"I have been anticipating single-cell multiomics and spatial measurement to capture where the biomolecules are located," said Alon Goren, an Assistant Professor at the University of California, San Diego. With interests in chromatin biology as well as genomic technology development, he has been following ReadCoor for several years, he said. Still, he does not plan to immediately get an RC2 and implement this technology in his lab.
But even if Goren were sure he wanted ReadCoor, he wouldn't be guaranteed to get one, at least not right away. The company will initially be picky about who it sells to.
"We would like to make sure that with our initial customers, their needs fit our applications extremely well and that we'll come up with new insights into biology of disease from partnering with them," Terry said. "We want to make sure we really support those customers and get that customer selection right," by having sites that can use each of the application areas ReadCoor has developed assays for: immuno-oncology, neuroscience, and infectious disease.
The immuno-oncology kit measures RNA, DNA, and protein for human samples; the neuroscience kit, RNA and protein for human and mouse samples; the infectious disease kit, RNA, DNA, and protein for rhesus macaque samples. They all work with fresh frozen, fixed frozen, and formalin-fixed paraffin-embedded samples.
Customers will contract for the entire platform, including instrumentation, service, support and access to cloud-based analysis software, and the ability to buy sample preparation assays for it. Expert training and access to ReadCoor's knowledge base are also included.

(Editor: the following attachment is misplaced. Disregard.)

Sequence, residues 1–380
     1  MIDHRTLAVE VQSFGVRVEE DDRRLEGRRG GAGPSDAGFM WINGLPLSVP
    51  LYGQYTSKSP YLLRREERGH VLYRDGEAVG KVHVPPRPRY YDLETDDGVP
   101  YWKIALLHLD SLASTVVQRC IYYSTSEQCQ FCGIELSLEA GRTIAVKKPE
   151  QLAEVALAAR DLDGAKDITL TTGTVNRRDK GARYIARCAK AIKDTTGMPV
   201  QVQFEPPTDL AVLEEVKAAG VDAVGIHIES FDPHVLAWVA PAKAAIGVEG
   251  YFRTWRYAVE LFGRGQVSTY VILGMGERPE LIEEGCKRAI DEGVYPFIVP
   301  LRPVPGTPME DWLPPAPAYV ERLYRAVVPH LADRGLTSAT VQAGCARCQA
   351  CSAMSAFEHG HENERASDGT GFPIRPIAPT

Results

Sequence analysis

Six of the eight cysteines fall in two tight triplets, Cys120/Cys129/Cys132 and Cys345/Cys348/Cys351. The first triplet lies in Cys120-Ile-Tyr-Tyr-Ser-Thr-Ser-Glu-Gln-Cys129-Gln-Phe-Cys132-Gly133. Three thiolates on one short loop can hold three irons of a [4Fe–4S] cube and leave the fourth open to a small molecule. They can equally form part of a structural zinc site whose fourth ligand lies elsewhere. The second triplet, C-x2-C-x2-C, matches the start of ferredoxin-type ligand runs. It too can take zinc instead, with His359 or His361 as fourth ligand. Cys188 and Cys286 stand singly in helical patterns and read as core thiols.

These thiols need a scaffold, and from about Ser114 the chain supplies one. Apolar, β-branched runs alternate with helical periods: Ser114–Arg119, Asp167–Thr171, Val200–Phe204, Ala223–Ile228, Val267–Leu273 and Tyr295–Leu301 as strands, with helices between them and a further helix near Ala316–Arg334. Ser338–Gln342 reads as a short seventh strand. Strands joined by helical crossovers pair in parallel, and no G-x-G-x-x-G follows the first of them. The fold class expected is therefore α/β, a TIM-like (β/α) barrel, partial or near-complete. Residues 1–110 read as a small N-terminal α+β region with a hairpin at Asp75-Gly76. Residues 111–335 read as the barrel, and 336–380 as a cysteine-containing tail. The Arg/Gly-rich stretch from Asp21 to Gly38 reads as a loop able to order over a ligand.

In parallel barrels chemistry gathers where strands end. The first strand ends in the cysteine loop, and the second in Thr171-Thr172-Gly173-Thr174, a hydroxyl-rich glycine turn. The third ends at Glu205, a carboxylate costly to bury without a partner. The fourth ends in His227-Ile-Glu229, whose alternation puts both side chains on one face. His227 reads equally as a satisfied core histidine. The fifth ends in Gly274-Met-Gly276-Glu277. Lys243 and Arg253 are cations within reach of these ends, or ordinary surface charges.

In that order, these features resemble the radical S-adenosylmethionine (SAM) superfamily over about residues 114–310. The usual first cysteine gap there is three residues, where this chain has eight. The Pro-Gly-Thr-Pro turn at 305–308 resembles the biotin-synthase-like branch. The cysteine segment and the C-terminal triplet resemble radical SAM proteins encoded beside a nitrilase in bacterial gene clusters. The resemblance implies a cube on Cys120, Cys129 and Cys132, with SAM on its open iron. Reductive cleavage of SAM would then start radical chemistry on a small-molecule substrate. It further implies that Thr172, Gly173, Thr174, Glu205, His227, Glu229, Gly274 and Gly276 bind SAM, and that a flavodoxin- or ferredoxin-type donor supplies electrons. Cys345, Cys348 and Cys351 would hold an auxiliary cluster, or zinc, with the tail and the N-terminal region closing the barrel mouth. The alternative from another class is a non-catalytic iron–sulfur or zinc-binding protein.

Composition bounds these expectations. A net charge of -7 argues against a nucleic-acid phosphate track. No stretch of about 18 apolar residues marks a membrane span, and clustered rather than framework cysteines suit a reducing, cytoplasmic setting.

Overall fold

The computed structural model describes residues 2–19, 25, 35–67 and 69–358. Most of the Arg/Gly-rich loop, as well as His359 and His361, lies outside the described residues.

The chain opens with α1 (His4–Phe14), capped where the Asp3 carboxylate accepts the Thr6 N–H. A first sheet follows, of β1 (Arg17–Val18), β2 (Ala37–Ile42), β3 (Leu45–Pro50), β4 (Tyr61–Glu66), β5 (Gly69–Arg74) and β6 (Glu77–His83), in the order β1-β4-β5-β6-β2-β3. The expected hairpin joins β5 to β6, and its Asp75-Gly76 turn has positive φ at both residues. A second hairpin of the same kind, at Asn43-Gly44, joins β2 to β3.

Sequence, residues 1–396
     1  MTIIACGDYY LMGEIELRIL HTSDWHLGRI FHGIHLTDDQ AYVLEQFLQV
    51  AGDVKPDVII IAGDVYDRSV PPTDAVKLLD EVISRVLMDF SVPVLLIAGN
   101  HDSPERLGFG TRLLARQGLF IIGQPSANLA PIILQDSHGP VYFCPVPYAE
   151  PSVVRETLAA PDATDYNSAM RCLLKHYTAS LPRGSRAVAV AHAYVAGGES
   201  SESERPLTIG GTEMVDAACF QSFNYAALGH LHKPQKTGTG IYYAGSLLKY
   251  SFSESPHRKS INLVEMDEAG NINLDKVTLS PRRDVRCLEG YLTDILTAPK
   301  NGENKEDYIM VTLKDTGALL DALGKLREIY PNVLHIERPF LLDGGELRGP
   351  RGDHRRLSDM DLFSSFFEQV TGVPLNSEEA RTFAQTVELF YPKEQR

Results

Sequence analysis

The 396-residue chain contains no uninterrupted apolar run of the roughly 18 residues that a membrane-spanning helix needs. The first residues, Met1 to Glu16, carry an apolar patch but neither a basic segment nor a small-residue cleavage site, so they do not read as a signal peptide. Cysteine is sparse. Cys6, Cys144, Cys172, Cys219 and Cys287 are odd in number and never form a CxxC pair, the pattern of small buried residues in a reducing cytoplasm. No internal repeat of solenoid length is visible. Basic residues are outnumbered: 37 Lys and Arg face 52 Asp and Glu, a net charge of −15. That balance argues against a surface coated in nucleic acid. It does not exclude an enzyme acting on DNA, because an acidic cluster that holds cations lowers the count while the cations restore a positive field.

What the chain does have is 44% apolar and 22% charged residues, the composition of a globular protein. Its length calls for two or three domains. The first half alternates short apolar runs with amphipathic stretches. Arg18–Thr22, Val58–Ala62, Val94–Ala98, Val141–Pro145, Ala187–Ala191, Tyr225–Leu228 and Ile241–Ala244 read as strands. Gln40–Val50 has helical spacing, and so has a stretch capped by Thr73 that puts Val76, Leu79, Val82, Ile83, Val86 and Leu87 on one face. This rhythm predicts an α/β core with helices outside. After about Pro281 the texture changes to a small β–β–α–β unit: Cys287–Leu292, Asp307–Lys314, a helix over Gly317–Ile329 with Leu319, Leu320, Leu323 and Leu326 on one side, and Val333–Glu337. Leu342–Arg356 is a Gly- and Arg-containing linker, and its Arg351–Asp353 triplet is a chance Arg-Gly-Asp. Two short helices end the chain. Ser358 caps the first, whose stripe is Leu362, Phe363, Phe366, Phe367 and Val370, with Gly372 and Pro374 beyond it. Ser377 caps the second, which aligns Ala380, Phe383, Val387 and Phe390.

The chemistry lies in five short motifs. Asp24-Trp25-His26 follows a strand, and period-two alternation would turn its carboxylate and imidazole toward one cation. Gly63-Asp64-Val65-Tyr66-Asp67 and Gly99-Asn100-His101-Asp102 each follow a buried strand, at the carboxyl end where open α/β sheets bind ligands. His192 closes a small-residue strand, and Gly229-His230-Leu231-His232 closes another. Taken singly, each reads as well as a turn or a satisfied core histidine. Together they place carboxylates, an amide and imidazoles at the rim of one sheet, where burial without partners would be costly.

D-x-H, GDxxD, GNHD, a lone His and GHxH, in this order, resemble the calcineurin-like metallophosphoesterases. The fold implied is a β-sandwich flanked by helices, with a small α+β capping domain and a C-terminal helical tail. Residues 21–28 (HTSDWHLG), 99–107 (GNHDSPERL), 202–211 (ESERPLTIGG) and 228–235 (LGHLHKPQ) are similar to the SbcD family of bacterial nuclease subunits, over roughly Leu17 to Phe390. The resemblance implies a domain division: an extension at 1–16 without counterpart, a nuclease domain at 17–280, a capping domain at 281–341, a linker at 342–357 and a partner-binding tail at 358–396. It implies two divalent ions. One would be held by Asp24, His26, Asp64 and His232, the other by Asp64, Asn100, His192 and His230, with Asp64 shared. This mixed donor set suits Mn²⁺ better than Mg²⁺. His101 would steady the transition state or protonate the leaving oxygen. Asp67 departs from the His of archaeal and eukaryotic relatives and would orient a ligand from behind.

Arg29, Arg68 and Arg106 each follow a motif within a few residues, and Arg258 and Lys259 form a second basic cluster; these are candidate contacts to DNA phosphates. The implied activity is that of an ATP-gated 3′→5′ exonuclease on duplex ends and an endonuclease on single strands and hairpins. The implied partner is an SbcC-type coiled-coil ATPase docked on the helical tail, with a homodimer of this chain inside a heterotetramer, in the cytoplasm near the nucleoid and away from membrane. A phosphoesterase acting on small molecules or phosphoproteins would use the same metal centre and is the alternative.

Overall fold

The sample prep kits each cover about 200 genes, with the ability for customers to customize with another 50 genes on top. Select release customers will also have the ability to do completely custom kits, Terry said. The assays vary in price depending on the application. Select program customers will also get access to customizable assays. The company declined to disclose the cost for the platform package or the assays.
ReadCoor has already found some customers it wants to sell to, Terry said, but declined to disclose them. He said he doesn't have a set number of systems he would like to place under this program; however, the company has plans to find more customers. After the so-called "select release" program, Terry said ReadCoor plans to open up sales broadly.
"It's really a new field that's much broader than sequencing in general," he said. "Sequencing had excluded groups that see a lot of value in high-resolution imaging and pathology, in general. Those people can come back into the fold."
Eventually, Terry hopes ReadCoor's platform will be an important tool for clinical genomics. At a conference presentation Tuesday, he said he wants to get ReadCoor into every hospital. He also noted that Ventana Medical Systems (acquired by Roche in 2008 for $3.4 billion) founder Tom Grogan is on ReadCoor's board. "We believe this will lead to new diagnostics and deeply believe the ability to see across 'omes is extremely powerful and will find new discoveries and lead to treatments in the cancer space," Terry said.
The company also announced Monday an increase in its Series B financing round announced in January, which is now $30 million, up from $27 million, bringing its total fundraising to more than $53 million. Terry disclosed that the firm has recorded about $8 million in collaboration revenue to date, but he said the company is not planning for services to be a big part of its business.